Home » Uncategorized » The Woman in the Window
         

The Woman in the Window

For those just tuning in, I hate Pan. To date, I still despise that movie more than any other I’ve ever reviewed on this blog. It was such a wretched and uninspired insult to J.M. Barrie’s tale and the audience’s intelligence that it was enough to make me swear off Joe Wright movies forever. But then I found this.

“I had just made this $100 million flop. It was a dark, difficult time. I didn’t know if I was going to make any more movies,” [Wright] admitted. “I didn’t know that I wanted to make movies anymore, to be honest.”

Well, okay then. If Joe Wright has learned his lesson and he regrets making the movie as much as I regret sitting through it, I’m happy to accept the apology and move on.

Wright’s latest is The Woman in the Window, with an all-star cast comprised by the likes of Amy Adams, Gary Oldman, Anthony Mackie, Wyatt Russell, Brian Tyree Henry, Julianne Moore, Jennifer Jason Leigh, and even screenwriter Tracy Letts himself in a supporting role. Unfortunately, this was also one of the last movies made under 20th Century Fox. When the new overlords at Disney came in, they demanded that the film be reworked.

Tony Gilroy was brought in for some uncredited script rewrites, and reshoots were ordered. Naturally, this meant that the initial October 2019 release date had to be postponed. The film was supposed to be rescheduled for sometime in 2020, until COVID happened. The film’s release was cancelled entirely, and the distribution rights were eventually sold to Netflix, who finally got the film out the door.

(Side note: This flies in the face of earlier reporting for The New Mutants. At the time, part of the stated rationale for the movie’s boneheaded rollout was Disney’s contractual obligation to provide a theatrical release to whatever movies Fox had completed or in production. Why that apparently didn’t apply to this picture is beyond me.)

So did the movie turn out to be any good? If it didn’t, do we blame Wright, COVID, the studio fuckery, or all of the above? Well, let’s see what we’ve got.

Dr. Anna Fox (Amy Adams) is an erstwhile child psychologist with no life outside of her house, though she doesn’t really seem to have much of a life inside of her house, either. The agoraphobia is apparently a recent development, as we learn in dialogue that she hasn’t left her house in ten months. Dr. Karl Landy (Tracy Letts) is on hand as Anna’s psychiatrist, graciously making house calls to monitor her condition and advise the Powers That Be as to whether or not she should have a career in medicine anymore. There’s also the matter of David (Wyatt Russell), an aspiring musician who works as a handyman to pay the rent. He’s rented out Anna’s basement, and he helps around the house on occasion.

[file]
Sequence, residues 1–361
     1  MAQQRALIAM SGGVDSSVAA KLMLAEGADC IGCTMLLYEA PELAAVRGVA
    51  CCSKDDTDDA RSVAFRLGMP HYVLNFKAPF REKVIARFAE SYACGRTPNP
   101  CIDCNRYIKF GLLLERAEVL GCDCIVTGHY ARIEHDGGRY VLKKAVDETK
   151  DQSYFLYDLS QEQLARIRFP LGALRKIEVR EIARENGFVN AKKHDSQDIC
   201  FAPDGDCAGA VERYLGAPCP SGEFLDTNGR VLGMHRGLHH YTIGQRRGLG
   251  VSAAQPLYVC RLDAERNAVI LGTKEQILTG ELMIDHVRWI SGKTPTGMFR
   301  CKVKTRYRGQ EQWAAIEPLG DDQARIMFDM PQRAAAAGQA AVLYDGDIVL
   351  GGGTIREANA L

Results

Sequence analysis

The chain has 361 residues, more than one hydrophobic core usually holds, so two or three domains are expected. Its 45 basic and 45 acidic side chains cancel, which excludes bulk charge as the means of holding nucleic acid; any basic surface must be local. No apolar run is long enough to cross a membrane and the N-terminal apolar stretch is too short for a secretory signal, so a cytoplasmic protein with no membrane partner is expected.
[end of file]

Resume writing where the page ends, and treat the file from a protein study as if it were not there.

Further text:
As for Anthony Mackie, he’s on hand to play Anna’s estranged husband. He moved away some time ago, and their daughter (played by Mariah Bozeman) went with him, but they still keep in touch with Anna on a regular basis. That’s Anna’s story and she’s sticking to it.

Oh, and did I mention that the film opens on Halloween? Talk about an agoraphobe’s worst nightmare.

Anyway, Anna passes most of her time watching the neighbors. The plot kicks off with the arrival of the Russell family across the street, a wealthy banking family who had to move out from Boston for unclear reasons. We meet Ethan Russell (Fred Hechinger), a sweet and harmless teenage boy who’s clearly not coping well with the move; and we also meet Jane Russell (Julianne Moore), a charming and effortlessly social woman. And these two are the first guests that Anna has welcomed into her home in quite some time, which is kind of a big deal.

But then there’s the matter of Alistair Russell (Gary Oldman). His wife and son tend to talk about him in hushed tones, giving him the impression of an abusive and potentially dangerous family man. So naturally, when Anna witnesses Jane getting brutally murdered, she tells anyone who will listen that Alistair did it. Except, of course, that Anna is a nervous paranoid shut-in who mixes her anxiety meds with her alcohol and she can’t prove anything. Also, Jane Russell is apparently still alive and now she’s being played by Jennifer Jason Leigh.

Thus we have our murder mystery by way of a psychological thriller.

As with any murder mystery, the first rule is that everyone is a liar. Every character has something to hide, and it’s genuinely fun to watch the cast try and bluff and bluster their way through the plot. Every last actor is incredible, each one turning in extraordinary work of maintaining some semblance of a reasonable facade in defense of some secret they’re keeping.